Getting your kids out on a trail can be both rewarding and fun, but as any experienced parent-hiker knows, it's no walk in the park. Whether you're taking the tykes on a short trek or climbing a mountain with them in tow, you need to prepare differently than you would if you were going alone. Here, then, are a few tips.
First of all, don't call it hiking. Hiking sounds like work (even to me), and if you want to engage a child's mind, a little color helps. If you're bringing your kids, call it an adventure, an exploration, a race, or a search for lost treasures, princesses, superheroes, etc.
On a recent weeknight, my friend Dawn and I "raced" at the Hard'Ack recreation area in St. Albans. The rec department sponsors a trail-running series on Tuesday nights with a 1k run for kids. This was the carrot for my 3-year-old, Oliver. I have no idea where he gets his competitive streak (heh heh), but he's always up for a contest.
Dawn left her two daughters at home that evening, but normally when we go walking, we juggle two strollers, three kids and a frisky Doberman pinscher. This has led to a number of entanglements, trips, falls and walks cut short.
Thus my next bit of advice: Start with a short hike, close to home, and set your expectations low. The bigger the plan, the harder the fall. Hard'ack and the adjoining Aldis Hill Park are perfect for my family. They're near enough to home to avoid potty disasters, and the many trail loops allow for a 15-minute walk or an afternoon-long expedition.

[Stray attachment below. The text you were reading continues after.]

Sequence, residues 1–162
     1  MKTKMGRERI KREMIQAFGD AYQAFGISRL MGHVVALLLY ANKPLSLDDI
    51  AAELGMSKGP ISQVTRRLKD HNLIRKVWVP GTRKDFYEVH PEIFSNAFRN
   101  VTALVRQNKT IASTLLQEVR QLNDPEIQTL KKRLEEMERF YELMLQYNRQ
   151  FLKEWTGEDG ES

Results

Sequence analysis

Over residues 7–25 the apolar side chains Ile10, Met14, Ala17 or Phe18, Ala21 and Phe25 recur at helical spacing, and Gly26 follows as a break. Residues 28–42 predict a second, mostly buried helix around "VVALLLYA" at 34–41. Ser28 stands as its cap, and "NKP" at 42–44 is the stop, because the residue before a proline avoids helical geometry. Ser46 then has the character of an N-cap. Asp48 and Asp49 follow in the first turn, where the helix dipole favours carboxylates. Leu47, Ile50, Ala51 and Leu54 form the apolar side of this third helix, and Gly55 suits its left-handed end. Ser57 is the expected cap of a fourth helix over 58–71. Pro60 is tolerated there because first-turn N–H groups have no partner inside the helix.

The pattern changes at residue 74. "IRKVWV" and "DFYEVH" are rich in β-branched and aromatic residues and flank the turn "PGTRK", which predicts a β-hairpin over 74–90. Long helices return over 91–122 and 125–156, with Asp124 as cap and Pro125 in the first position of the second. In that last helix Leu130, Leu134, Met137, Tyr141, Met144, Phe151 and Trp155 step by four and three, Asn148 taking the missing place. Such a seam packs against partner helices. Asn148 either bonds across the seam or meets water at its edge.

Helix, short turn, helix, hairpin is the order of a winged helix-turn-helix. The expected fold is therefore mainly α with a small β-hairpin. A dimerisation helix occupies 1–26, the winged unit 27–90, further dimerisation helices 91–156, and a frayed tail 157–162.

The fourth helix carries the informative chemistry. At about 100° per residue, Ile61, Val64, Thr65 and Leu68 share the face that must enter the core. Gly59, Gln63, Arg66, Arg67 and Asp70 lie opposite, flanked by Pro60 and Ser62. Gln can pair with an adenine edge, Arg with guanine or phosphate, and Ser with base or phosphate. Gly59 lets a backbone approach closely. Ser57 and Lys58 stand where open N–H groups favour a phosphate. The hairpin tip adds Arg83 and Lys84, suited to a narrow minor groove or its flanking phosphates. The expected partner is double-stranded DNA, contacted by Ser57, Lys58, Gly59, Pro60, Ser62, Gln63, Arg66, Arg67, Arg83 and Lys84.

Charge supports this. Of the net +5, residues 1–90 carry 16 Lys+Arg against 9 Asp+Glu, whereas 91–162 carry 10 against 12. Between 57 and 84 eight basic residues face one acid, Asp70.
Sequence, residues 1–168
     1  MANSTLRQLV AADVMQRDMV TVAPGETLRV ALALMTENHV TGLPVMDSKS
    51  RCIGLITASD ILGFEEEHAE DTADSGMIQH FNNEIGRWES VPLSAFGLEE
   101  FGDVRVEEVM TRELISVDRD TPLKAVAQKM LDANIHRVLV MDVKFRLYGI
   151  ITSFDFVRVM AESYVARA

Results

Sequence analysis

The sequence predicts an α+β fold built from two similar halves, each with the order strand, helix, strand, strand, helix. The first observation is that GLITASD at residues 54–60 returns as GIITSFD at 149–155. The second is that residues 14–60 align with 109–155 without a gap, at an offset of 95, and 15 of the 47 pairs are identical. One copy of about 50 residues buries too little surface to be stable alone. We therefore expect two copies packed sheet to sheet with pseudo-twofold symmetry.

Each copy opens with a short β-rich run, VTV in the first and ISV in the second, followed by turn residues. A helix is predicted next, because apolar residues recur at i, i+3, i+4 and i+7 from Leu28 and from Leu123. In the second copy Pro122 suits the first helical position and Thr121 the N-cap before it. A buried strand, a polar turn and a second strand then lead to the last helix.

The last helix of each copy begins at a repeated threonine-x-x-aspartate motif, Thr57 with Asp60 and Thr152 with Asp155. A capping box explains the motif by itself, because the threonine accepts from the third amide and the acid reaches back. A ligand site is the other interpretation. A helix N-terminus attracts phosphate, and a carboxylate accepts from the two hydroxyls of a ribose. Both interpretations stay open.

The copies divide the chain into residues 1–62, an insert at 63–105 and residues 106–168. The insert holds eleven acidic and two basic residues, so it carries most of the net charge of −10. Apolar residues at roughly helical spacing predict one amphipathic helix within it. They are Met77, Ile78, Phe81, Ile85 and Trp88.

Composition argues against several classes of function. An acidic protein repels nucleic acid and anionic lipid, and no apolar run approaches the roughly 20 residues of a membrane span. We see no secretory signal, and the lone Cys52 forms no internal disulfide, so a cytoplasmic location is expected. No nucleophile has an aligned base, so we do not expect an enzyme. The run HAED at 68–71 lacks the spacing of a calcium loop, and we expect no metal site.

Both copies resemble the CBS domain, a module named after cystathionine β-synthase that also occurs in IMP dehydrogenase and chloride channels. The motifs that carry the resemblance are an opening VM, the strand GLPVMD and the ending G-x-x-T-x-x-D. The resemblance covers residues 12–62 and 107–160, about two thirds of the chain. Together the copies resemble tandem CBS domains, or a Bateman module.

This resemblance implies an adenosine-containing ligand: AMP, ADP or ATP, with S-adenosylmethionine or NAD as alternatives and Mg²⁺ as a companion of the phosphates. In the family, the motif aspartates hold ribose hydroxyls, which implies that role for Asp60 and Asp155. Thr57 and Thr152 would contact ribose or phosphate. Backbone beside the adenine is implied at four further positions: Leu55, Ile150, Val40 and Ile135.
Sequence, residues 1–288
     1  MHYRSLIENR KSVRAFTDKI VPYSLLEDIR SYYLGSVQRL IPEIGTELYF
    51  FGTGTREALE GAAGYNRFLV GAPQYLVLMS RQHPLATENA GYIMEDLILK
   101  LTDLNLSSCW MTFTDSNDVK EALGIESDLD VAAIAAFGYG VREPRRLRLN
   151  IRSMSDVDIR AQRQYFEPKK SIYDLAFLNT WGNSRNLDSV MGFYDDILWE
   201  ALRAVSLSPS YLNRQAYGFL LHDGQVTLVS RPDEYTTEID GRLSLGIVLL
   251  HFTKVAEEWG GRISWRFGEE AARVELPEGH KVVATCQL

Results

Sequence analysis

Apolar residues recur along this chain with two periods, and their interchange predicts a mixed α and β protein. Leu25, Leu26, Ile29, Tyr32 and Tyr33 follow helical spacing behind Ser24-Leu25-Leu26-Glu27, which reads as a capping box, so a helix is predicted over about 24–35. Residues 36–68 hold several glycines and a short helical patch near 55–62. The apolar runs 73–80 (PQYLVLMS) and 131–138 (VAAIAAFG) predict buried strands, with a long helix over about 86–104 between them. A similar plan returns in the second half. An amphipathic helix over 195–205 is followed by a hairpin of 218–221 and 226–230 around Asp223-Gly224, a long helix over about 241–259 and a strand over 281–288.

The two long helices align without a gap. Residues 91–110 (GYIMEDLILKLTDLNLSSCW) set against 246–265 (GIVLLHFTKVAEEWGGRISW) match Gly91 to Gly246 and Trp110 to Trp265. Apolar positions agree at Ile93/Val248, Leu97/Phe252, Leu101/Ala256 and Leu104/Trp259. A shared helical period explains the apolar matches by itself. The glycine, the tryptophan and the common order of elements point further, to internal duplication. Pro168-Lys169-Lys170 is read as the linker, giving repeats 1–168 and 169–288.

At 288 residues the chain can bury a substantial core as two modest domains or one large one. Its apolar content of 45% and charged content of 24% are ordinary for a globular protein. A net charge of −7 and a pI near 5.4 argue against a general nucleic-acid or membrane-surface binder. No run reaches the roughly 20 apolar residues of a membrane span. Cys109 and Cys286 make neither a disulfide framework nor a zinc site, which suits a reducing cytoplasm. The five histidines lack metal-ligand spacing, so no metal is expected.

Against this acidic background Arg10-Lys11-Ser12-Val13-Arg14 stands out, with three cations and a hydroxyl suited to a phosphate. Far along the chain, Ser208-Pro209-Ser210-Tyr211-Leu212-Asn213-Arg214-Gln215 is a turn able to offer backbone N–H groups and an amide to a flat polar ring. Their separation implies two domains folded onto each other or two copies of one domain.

So, off Dawn and I went, occasionally pushing Oliver in a stroller up steep inclines and down tree-rooted shady pathways, sweating profusely through clouds of mosquitoes. Bit of advice number three: You cannot overprepare. My personal must-packs? Bug spray, snacks, drinks, tissues, sunscreen, wet wipes, and a multipurpose garbage bag for dirty clothes or trash. Swap your diaper bag for a backpack and fill 'er up.
Unfortunately, we didn't connect with the trail runners in time for the race, but we forged onward anyway, Oliver scouting for the runners' trail. He never found it, but he did notice many of the faint paths laced through Aldis Hill Park, including the one to the lookout, which we took. Aldis Hill offers a spectacular view of St. Albans, the bay, Lake Champlain and the Adirondacks. That kind of concrete goal at the end of a hike is great for kids.
Of course, when you're hiking, good equipment helps. Sturdy shoes, a three-wheeled stroller, hiking backpack and kid carriers are all nice to have. But some of the smartest planning is kid-centric. If you've got an explorer, get him or her to help make a map before you go, or as you go. If you've got a scientist, collect some creepy-crawlies along the way. Or try geocaching, in which you use a GPS or a smartphone to search for "caches" others have left for you to find. Learn how and where to look at geocaching.com.
And remember that, with a little preparation, time spent on the trail can be both exercise and an adventure.
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